As Lt. Gov. Fran Ulmer officially began her campaign as the Democrats' choice for governor, she stopped in Soldotna Wednesday to tell Alaska health care professionals what she plans to do to help meet challenges facing their industry.
Ulmer told the group gathered for its annual meeting that "health care is the fastest growing job sector" in Alaska, and listed nine key issues she would address as governor.
Saying that one of the most serious problems Alaska faces is a shortage of qualified and licensed nurses, Ulmer told the Alaska State Hospital and Nursing Home Association that she would continue to work with the University of Alaska Anchorage to provide needed nursing training and to ensure the state does everything possible to eliminate the shortage of qualified nurses.
"Nurses account for the largest percentage of nonresident workers in Alaska," she said. "We have to start in elementary schools, middle schools and high schools to give children the vision of the opportunities in the health care field," Ulmer said.
"I am committed, as governor, to work with schools, the university and with private business to work to meet the challenge," she said.
Other key health-care issues Ulmer listed include prescription-drug costs, Medicare and Medicaid, long-term care, Denali Kid Care, non-profit health organizations, tele-medicine and abortion.
"I want to be very clear on one issue," said Ulmer. "Abortion."
"I don't think the legislature or the governor should be telling the medical profession how to practice medicine, or should intervene in a woman's decision on how to manage her life," she said.
Citing a 25 percent increase in prescription-drug use in Alaska last year, Ulmer said, "It's no mystery who bears the greatest burden of these costs. Our seniors are the most impacted, and they are one of the fastest growing age groups in Alaska.
"At the state level, we can make progress on how we can bring down the cost of prescription drugs. The governor's task force is working on it. And, as governor, I am committed to seeing it work," she said.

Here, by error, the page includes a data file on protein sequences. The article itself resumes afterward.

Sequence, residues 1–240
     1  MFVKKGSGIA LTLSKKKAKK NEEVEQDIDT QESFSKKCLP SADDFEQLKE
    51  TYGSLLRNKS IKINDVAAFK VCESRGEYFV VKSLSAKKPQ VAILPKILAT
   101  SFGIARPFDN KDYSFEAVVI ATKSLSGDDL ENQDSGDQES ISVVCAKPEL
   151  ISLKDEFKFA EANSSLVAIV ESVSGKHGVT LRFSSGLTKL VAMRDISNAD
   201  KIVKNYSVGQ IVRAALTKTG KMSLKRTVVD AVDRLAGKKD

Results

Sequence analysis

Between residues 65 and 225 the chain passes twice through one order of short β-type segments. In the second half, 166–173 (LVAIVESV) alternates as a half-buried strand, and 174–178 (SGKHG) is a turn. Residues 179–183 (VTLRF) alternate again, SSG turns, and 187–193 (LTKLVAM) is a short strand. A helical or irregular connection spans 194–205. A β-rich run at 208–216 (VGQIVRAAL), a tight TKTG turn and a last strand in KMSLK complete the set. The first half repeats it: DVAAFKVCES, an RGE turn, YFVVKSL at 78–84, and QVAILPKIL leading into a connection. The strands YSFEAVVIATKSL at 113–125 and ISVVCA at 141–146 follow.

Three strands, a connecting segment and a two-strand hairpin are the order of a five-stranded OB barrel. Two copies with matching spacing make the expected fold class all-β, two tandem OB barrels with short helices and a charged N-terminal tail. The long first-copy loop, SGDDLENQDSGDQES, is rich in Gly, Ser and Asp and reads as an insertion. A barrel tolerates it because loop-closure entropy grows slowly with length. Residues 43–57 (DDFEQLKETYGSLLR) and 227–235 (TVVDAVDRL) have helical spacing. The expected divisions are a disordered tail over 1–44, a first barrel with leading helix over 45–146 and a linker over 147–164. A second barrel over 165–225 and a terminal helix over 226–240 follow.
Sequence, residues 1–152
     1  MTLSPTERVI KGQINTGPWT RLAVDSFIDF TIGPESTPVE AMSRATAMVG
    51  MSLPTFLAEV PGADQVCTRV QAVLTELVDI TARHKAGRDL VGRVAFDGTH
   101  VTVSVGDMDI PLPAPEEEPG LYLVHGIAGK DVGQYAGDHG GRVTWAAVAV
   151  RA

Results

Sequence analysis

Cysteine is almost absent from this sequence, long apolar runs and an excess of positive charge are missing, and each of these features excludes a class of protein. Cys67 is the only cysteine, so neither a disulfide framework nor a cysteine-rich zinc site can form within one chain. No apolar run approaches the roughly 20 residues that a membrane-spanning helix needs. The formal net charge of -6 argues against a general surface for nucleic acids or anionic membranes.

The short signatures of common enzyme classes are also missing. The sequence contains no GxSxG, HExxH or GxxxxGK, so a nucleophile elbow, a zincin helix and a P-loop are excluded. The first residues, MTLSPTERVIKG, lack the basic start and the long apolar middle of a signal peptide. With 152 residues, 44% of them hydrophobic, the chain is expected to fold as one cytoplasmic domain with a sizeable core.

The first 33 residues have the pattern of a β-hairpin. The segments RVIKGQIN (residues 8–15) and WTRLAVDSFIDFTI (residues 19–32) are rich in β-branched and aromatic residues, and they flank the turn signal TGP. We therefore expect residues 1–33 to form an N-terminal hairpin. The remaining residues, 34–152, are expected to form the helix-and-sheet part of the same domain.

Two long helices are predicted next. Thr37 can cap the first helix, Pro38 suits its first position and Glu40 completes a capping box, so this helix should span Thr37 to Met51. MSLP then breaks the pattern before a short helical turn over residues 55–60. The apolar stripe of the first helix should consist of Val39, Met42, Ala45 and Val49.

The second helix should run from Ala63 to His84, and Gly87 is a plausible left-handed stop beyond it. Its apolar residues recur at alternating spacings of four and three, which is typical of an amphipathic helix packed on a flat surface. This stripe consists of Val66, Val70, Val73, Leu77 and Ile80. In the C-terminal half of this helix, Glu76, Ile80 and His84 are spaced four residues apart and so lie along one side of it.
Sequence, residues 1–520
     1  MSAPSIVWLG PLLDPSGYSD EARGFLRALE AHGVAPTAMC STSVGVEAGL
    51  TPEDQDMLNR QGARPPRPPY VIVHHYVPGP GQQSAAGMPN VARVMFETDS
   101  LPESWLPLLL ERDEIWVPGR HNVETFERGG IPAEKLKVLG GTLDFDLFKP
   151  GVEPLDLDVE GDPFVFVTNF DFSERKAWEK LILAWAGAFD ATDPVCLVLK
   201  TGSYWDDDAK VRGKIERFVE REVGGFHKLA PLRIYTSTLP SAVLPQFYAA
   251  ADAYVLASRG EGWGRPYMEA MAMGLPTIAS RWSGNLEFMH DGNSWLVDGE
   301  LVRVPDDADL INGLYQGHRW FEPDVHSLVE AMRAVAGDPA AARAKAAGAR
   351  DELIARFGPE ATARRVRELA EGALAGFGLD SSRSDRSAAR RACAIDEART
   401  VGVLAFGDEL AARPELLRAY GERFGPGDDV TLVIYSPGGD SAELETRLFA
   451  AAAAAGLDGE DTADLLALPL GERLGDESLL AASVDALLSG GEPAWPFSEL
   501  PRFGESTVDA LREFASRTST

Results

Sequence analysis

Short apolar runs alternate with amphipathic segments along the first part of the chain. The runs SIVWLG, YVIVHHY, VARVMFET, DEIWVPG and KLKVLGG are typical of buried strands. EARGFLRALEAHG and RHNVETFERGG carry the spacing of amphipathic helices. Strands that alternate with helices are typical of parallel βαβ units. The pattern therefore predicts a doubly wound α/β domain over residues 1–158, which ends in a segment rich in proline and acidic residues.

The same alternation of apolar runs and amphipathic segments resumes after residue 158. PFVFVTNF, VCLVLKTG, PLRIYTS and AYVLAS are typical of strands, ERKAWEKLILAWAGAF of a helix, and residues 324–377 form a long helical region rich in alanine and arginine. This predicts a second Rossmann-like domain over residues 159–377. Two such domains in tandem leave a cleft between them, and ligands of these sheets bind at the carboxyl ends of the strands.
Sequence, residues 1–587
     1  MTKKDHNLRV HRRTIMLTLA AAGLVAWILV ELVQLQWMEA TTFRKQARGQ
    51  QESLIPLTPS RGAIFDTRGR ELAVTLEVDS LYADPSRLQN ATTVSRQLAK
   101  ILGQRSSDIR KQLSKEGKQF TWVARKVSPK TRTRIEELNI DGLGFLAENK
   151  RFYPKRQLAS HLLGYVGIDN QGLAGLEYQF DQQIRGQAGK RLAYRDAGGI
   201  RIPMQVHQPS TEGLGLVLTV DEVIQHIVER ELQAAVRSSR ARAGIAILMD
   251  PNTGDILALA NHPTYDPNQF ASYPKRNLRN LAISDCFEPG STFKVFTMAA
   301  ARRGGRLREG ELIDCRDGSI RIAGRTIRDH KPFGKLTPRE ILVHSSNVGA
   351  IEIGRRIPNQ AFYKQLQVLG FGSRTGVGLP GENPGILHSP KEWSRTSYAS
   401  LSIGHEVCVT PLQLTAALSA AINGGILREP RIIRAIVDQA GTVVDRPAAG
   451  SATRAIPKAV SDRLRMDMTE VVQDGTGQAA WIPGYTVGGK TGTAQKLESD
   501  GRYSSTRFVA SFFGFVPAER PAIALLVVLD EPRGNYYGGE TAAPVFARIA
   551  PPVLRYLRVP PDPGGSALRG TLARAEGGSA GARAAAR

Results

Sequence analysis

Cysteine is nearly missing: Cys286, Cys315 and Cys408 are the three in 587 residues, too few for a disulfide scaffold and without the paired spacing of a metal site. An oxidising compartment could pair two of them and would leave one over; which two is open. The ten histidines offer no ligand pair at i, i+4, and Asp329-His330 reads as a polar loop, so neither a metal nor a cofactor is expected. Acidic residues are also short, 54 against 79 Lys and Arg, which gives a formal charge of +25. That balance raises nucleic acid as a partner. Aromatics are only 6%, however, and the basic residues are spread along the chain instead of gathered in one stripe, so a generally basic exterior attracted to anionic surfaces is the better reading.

Ulmer told the group that long-term care for seniors is another issue in Alaska that's going to get increasing attention.
"In 2000, Alaskans over age 60 made up 8 percent of the population. By 2025, that segment will grow to 20 percent of the population.
"We have to do two things: we must promote wellness through healthy diets, exercise programs and injury prevention, and we must plan for the future ... not just stumble into it."
Ulmer also told the health professionals that in order to make Alaska "the best place to live, work and raise a family, we have to confront the issue of access to health care."
She called attention to Denali Kid Care, a program that assures health care for children. Saying that she served on the Children's Cabinet that recommended the program, Ulmer boasted that "26,000 kids today have health care because of Denali Kid Care."
"We must continue the program," she said.
Ulmer thanked the health workers for their "commitment, dedication and creativity" in seeking solutions to the problems facing their industry and said, "Today, from frostbite to open heart surgery, you can get your care here, in Alaska."
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